It's a big year ahead for one of our most adored drives, the ute.

Outdoorsy Australians adore the genre’s Swiss Army knife versatility and practicality, especially in dual-cab form.

It’s a tradie’s fashion statement, family all-rounder, off-road adventurer and fisherman’s friend, to name a few.

Last year, nearly one in five of the cars we bought was a ute.


While cars with trays have been been helpful friends, we’ve tended to forgive their flaws.

Being a drudge to drive around town and, until recently, being dodgy on the safety side spring to mind.

Recently, however, the bar has been raised for driveability, comfort and safety in the segment.

In the past three years, we’ve seen total makeovers applied to five of the eight bestsellers — the Ford Ranger, Mazda BT-50, Volkswagen Amarok, Holden Colorado and Isuzu D-Max.

These new-age dual-cab utes have been designed from the ground-up to be as car-like as possible while not sacrificing their hard working qualities.

So who does that leave?

It’s the Mitsubishi Triton, Nissan Navara and market leader Toyota HiLux, which have had lots of bandaids to try to keep pace with the new-agers.

This year it’s major-surgery time for all three, which is exciting.

Here’s what we know about the coming new-age trio.


The Triton, Australia’s third- biggest-selling ute in 2014, comes out in fifth-generation form in autumn.

Built in Thailand, as are most dual-cabs that come to Australia, it’ll be more suave, family friendly, spacious, agile around town, comfortable and safe than the outgoing model.

The engine is new, an all- aluminium 2.4-litre turbo-diesel.

Improved aerodynamics and other efficiencies should see the current 2.5-litre diesel Triton’s fuel-use figures — 8.1L/100km manual and 9.3 auto — bettered.

Expect the economy figure for the auto model to be under 8.5L/100km.

The smoother airflow over the body, as well as much better insulation, should also make the cabin quieter while a small turning circle suggests the vehicle will be nicely manoeuvrable.

When looking at the current Triton, the eyes are drawn to the sweeping line behind the rear doors. It’s a polarising look, so with the new model it appears the designers have tried to attract eyes to the vehicle’s bold face, which is all new.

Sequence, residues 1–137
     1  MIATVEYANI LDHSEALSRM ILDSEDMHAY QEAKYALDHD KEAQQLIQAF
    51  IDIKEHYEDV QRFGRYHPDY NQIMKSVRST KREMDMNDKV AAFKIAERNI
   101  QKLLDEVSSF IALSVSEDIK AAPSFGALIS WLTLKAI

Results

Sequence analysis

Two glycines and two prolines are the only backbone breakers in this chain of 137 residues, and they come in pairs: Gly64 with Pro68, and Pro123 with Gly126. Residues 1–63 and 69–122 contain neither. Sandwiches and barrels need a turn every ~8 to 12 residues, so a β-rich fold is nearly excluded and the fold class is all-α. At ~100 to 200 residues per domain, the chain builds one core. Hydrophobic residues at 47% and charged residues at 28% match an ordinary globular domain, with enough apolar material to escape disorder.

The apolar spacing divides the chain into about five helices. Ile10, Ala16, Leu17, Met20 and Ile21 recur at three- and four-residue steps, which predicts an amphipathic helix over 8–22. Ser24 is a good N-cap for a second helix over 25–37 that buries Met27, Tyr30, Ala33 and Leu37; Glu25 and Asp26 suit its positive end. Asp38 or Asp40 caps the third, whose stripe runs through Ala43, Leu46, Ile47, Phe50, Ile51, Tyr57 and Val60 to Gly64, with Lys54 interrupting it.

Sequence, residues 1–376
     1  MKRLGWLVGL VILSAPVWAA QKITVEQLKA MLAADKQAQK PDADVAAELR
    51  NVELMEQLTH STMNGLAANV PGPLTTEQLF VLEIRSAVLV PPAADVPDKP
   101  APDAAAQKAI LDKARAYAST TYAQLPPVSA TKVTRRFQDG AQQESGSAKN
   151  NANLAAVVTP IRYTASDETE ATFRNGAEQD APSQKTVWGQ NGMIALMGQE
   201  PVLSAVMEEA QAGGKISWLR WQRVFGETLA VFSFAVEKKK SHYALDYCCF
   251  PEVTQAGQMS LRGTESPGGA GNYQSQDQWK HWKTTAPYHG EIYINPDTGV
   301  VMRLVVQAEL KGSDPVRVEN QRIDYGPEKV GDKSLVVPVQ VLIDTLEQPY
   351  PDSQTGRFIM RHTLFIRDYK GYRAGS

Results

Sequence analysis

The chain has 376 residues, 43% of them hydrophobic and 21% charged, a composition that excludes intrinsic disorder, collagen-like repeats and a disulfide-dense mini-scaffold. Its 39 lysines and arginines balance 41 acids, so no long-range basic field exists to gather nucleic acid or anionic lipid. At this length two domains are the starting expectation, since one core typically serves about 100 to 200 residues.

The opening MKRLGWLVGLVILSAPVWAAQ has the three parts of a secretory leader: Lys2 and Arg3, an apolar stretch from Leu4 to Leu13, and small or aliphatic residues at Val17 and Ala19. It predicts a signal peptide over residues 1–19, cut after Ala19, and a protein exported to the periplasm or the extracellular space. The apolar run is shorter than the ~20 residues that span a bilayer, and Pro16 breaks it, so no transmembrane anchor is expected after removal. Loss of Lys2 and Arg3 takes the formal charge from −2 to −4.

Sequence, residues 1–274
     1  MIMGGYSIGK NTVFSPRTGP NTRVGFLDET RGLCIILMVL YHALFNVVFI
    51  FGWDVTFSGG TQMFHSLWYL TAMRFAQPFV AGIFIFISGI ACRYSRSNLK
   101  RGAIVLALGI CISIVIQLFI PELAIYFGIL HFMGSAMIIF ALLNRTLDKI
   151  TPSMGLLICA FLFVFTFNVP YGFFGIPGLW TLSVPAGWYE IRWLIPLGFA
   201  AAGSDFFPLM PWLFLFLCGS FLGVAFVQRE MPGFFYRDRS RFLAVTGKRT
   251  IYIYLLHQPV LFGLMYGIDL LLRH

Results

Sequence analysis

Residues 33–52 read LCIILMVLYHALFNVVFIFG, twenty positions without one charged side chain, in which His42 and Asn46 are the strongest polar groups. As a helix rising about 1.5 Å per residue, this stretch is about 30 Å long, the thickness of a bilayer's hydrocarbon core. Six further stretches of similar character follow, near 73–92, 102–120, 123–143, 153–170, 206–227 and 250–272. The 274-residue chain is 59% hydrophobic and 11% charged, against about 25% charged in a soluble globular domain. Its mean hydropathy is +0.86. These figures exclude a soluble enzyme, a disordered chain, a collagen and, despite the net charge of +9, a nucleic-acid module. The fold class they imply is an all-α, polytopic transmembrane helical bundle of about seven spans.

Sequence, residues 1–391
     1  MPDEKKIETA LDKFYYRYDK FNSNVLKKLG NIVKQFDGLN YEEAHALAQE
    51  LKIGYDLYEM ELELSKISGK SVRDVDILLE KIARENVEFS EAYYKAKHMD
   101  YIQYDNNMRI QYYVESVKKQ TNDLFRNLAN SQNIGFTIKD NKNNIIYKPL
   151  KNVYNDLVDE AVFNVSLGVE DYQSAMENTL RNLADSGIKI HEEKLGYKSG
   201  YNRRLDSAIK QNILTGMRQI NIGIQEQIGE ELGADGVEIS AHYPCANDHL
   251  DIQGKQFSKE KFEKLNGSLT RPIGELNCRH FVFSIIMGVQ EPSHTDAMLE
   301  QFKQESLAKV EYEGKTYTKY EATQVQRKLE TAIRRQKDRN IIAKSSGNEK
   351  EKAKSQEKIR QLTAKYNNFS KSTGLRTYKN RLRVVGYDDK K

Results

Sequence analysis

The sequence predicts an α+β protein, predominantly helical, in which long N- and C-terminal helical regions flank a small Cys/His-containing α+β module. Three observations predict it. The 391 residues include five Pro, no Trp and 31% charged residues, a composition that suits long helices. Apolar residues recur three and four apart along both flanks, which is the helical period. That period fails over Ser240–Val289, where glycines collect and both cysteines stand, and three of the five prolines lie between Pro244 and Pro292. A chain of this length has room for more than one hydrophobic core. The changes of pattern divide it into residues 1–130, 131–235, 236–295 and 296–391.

Bigger headlights, LED daytime running lights and an imposing lower air intake are among the frontal features, and the tray has squarer lines than the present model.


The all-new model, also pictured on the cover, can’t come fast enough for Nissan.

Sales of the ageing model that harks back to 2005 plummeted by about a third last year.

The fresh iteration, more sculpted and masculine-looking on the outside and very car-like inside, will be a world apart from the current model.

The newcomer will have more advanced technology, far more refinement, superb multi-spring rear suspension on dual-cab variants, and a mix of petrol and diesel drivetrains.

Standard will be front, side, curtain and driver’s knee airbags as well as stability control, as the vehicle strives for a five-star safety rating compared with the current model’s four.

Initial Navaras coming to Australia will get a new 2.3-litre turbo-diesel engine that will be available in two guises — a 120kW/403Nm single-turbo and a 140kW/450Nm twin-turbo.

Petrol returns to the range via a new 118kW/231Nm 2.5-litre engine to be offered on 4x2 models.

The new range should be far thriftier to run due to the new engines, an overall weight saving of 70kg and an 11 per cent improvement in aerodynamics.

Good news for many prospective buyers, including grey nomads and horse trainers, is the lift in towing capacity by 500kg to 3500kg.

The Navara’s approach and departure angles — 31 and 25.6deg — are pitched very much in favour of off-roading.

An electronic locking rear differential, hill-descent control and hill-start assist are other 4WD-friendly features.


Nissan Navara

Navara ST-X 550 Dual Cab 4x4 in Silver Lightening.


With more than 38,000 sales in 2014, this is Australia’s third most popular vehicle after the Toyota Corolla and Mazda3.

It’s still easily the most popular ute on worksites, bolstered by its lift to five-star crash safety, but it has clearly fallen behind the likes of the Amarok and Ranger for around-town friendliness.

It’s too early to know the specifics about the coming HiLux but expect Toyota to throw the kitchen sink at it.

Of all the car launches to look forward to in 2015, this has to be in the top five.


Toyota HiLux 4x4 SR5 Double-Cab Pick-up Turbo-diesel in Velocity Red - See more at:
Toyota HiLux 4x4 SR5 Double-Cab Pick-up Turbo-diesel in Velocity Red - See more at:

Toyota HiLux 4x4 SR5 Double-Cab pick-up Turbo-diesel in Velocity Red.




Mitsubishi Triton -

Nissan Navara -

Toyota HiLux -


© The West Australian

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